WASHINGTON - Industrial production rose significantly in June, reflecting advances in manufacturing, mining and auto production.
The Federal Reserve reported Monday that output at the nation's factories, mines and utilities jumped by 0.8 percent last month following a gain of 0.1 percent in May. The latest increase was stronger than expected; analysts had anticipated an increase of 0.4
The rise in production also marked a 4.5 percent increase over June 2005.
Production of autos and auto parts rose a robust 3.3 percent in June, swinging from a 1.3 percent drop the month before as the industry struggled with soaring gasoline prices that sapped demand for sport utility vehicles.
It was a patch of positive economic news following a series of indications last week of a cooling economy, including continued curtailment of spending in June by American consumers.
At the same time, experts noted, the impressive industrial report could stoke concerns over inflation and prompt Fed policymakers to raise interest rates next month.
''Manufacturers ramped up production in June, and the gains were impressive and broad-based,'' said Joel Naroff, chief economist at Naroff Economic Advisors. ''This strong report can only add to the belief that the (Fed) will hike rates again.''
Fed Chairman Ben Bernanke is testifying before Congress on Wednesday and his words will be closely watched for signals in that regard.
Economic unease deepened last week amid interest rate jitters and escalating violence in the Middle East that carried oil prices to new highs. The spike in oil prices and weak economic reports helped drag stocks lower on Wall Street for three straight days.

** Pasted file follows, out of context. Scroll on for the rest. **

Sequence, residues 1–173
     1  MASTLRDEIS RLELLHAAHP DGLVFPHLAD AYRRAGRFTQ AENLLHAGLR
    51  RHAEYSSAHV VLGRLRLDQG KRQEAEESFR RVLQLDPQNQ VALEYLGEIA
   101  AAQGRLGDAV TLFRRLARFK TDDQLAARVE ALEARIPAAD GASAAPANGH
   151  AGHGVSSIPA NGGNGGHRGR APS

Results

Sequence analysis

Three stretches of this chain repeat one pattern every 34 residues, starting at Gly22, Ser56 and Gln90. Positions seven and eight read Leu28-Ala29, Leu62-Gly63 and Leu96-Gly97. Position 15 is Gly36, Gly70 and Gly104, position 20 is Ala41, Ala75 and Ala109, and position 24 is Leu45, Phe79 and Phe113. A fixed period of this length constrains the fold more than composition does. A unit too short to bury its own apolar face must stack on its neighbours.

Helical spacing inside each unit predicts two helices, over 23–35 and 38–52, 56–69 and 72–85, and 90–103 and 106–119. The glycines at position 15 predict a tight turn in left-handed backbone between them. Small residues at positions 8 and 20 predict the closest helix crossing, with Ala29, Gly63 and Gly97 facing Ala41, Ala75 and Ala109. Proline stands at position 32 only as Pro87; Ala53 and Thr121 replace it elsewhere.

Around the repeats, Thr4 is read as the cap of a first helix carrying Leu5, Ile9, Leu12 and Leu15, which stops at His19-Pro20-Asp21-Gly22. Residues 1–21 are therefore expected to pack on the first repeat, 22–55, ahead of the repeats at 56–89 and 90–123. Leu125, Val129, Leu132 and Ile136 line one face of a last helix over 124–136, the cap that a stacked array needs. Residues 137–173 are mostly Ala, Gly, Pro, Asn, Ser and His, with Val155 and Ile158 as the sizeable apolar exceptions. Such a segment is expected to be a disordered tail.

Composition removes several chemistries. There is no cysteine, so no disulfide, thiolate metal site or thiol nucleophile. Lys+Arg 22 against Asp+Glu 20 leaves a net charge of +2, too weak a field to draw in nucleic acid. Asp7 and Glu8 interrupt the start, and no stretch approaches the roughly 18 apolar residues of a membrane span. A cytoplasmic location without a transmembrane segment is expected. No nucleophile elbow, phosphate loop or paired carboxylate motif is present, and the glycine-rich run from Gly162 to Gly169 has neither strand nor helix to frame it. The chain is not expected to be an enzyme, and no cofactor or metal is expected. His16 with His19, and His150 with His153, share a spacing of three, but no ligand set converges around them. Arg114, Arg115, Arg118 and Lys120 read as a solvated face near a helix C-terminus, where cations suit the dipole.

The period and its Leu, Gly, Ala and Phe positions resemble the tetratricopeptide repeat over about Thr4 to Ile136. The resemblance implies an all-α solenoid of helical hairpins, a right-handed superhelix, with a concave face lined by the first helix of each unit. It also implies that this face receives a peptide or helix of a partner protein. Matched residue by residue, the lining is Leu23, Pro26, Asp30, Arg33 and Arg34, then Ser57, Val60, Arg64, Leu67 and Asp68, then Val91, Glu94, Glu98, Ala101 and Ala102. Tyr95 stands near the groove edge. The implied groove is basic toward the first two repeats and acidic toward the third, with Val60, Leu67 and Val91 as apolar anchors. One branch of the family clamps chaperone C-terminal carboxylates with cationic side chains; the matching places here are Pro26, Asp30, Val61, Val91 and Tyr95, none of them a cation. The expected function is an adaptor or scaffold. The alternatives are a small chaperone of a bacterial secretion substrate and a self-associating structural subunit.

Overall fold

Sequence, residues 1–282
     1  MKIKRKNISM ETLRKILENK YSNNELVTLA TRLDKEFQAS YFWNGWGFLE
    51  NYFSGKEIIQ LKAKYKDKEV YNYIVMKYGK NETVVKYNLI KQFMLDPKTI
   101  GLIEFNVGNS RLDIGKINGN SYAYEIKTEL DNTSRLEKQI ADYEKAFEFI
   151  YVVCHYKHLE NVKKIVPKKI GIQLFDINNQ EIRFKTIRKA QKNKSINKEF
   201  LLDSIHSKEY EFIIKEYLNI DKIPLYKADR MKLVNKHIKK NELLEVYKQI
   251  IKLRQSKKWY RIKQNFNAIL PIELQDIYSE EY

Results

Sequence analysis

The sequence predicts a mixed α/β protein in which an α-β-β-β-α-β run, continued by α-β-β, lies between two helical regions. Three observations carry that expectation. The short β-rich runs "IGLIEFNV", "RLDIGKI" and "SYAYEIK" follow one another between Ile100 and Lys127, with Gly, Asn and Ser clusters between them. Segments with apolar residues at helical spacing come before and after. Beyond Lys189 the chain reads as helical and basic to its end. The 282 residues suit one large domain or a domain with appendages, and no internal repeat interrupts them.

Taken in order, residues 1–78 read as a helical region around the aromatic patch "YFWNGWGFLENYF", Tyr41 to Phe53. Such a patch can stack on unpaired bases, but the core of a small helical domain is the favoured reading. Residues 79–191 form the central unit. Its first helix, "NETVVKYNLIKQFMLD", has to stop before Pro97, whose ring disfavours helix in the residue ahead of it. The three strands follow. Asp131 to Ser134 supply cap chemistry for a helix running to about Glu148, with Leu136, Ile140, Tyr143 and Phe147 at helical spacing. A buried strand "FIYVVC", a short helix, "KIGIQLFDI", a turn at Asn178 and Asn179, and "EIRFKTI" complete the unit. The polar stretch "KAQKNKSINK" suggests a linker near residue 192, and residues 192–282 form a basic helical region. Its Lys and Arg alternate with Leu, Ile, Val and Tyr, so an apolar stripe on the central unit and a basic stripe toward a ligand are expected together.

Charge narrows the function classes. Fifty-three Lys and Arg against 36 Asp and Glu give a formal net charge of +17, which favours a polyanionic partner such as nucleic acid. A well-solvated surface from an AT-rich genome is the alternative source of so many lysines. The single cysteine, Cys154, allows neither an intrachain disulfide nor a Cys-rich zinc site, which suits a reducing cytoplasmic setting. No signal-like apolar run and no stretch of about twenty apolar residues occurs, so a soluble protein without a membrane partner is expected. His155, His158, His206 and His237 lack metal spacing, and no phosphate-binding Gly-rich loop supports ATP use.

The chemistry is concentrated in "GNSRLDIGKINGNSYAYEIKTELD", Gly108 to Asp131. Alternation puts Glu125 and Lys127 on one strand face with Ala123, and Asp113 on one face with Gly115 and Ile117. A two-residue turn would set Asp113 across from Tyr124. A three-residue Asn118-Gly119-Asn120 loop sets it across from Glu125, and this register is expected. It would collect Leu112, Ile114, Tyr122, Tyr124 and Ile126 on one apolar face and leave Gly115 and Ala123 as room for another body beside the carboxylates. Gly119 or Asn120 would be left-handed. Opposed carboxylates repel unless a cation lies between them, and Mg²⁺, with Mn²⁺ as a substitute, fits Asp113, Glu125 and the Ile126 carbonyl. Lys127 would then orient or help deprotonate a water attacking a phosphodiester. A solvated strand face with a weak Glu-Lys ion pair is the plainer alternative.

On Monday, the June industrial data initially offset the market's unease over the Middle East situation and Citigroup Inc.'s disappointing earnings, as investors sent stock prices higher in early trading. Wall Street limped to a mixed finish. With the violence in Israel and Lebanon continuing into a sixth day and no resolution in sight, the market remained wary despite a sharp drop in oil prices.
According to preliminary calculations, the Dow Jones industrial average edged up 8.01, or 0.07 percent, to 10,747.36 - after sliding 3.17 percent last week.
U.S. mining production rose 1.2 percent in June and manufacturing gained 0.7 percent from the previous month, the Federal Reserve figures showed.
The strength in industrial production in June also included a 1.7 percent rise in output of oil and natural gas.
May's production was revised to a rise of 0.1 percent from a previous decline of the same amount - the first decrease since January.
Economists generally believe that manufacturing will slow in coming months as overall economic growth slows.
The economy expanded at a sizzling pace of 5.6 percent in the first three months of the year but many analysts believe that will slow to around 3 percent in the April-June quarter, as consumers struggle with rising interest rates, soaring
gasoline prices and cooling home sales.
The increase in June put U.S. industry operating at 82.4 percent of capacity, a six-year high, up from a May operating rate of 81.8 percent of capacity.
The Federal Reserve keeps a close watch on the operating rate to see if it is approaching levels where bottlenecks could develop and boost inflationary pressures.